Click on the class that was created in section 2.1. In this section of the IBM Watson Studio page, click on the relevant images from the uploaded section located on the right bottom side of the page. Click on the “add to model” button. The result of this step leads to the selected images to be added to an un-classified class.

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2.3 Assign the Right Class

The final task to this step is to select the unclassified section and select all the images under it.

Once all the images are checked, click on the classify button and select the “classify” button and enter the name of the new custom class. In my case, the class name is “Soan Papdi”. Once the new class name has been entered, submit the changes.

2.4 Repeat The Process

To build a custom classifier, you would need to have a minimum of 2 classes. Repeat the steps from 2.1 to 2.3 to add all the different classes you want your model to be trained on.

I have two classes which I have created and added images to it. These classes are “Soan Papdi” and “Pakoda”. There is a size restriction of 250 MB on the images that have been uploaded.

3. Training the Model

With the training data prepared and segregated as classes, we are now ready to train the model.

Click on the “Train model” button located on the top right part of the Watson Studio.

Training might take time to complete based on the images, and accuracy that needs to be attained. For around 30 images, the platform took about 6 minutes to train the model.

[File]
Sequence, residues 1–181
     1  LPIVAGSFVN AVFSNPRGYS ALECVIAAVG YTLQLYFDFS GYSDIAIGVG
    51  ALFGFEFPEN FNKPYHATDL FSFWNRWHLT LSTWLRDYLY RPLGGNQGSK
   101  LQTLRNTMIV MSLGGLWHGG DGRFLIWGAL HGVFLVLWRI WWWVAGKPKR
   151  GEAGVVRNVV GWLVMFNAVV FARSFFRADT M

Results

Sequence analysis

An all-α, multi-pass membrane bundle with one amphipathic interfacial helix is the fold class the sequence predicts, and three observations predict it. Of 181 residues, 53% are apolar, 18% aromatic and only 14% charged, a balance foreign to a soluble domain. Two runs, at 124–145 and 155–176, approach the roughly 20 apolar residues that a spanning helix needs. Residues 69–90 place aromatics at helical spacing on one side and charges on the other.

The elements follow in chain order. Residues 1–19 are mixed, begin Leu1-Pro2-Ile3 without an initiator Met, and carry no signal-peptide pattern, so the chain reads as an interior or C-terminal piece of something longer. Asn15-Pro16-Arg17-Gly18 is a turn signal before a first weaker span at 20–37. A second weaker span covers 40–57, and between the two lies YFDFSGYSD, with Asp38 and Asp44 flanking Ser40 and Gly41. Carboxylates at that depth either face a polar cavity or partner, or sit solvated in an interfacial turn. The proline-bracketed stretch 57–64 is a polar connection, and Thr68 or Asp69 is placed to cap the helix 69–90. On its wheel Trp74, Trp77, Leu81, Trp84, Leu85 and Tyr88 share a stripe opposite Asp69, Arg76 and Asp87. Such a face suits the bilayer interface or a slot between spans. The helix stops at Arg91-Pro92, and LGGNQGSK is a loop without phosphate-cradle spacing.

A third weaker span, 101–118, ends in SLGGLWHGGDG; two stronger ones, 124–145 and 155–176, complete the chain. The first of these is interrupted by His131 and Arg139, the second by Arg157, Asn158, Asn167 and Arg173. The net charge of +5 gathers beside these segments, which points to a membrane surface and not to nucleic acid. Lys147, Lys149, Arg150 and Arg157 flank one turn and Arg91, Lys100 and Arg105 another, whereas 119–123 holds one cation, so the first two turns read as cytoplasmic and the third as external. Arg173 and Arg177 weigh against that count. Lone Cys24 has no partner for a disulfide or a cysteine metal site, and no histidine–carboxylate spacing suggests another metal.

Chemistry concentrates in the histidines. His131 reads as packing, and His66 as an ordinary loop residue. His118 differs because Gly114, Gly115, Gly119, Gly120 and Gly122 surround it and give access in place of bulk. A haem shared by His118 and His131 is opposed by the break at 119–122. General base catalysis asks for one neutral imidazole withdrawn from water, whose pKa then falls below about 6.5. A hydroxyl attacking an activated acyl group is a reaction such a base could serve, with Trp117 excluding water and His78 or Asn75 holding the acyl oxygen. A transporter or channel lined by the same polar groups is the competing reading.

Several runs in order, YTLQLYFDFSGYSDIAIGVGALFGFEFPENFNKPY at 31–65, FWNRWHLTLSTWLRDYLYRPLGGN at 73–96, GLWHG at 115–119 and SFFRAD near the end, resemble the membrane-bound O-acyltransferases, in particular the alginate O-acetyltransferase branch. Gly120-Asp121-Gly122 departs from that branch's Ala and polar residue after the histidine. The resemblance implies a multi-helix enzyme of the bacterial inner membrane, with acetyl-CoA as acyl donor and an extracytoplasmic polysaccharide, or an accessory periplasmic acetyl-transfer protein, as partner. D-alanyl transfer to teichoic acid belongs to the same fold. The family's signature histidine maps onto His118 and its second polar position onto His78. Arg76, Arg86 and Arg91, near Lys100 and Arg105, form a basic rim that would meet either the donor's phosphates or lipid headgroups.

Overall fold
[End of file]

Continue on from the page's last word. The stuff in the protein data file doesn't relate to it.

All the trained models and images can be found under the Assets section of the project page.

4. Testing the Model

Once the model is trained, it’s time to test and see if the model performs as expected. From the Assets Page, select the latest model that has been created. From the model page, navigate to the Implementation tab, where you will find the API endpoint to your newly trained model.

Select the new API endpoint and replace it in the source code for the simple web-application that we have built.

When we test it now with the new model that has been trained, we can see that the new types of food are being identified with a very good confidence score.

Conclusion

The IBM Visual Recognition Technology as an API is an extremely powerful tool. We have seen how not only existing models can be used, but how we can train our own models and benefit from the data we have.

The IBM Image-based solution platform is extremely scalable and that provides assurances to an organization that the application will be available when most needed.

With this part, we have shown how easy it is even for a non-technical person to try to build projects and test the results on applications that use machine learning.

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akshay pai

I am a data science engineer and I love working on machine learning problems. I have experience in computer vision, OCR and NLP. I love writing and sharing my knowledge with others. This is why I created Source Dexter. Here I write about Python, Machine Learning, and Raspberry Pi the most. I also write about technology in general, books and topics related to science. I am also a freelance writer with over 3 years of writing high-quality, SEO optimized content for the web. I have written for startups, websites, and universities all across the globe. Get in Touch! We can discuss more.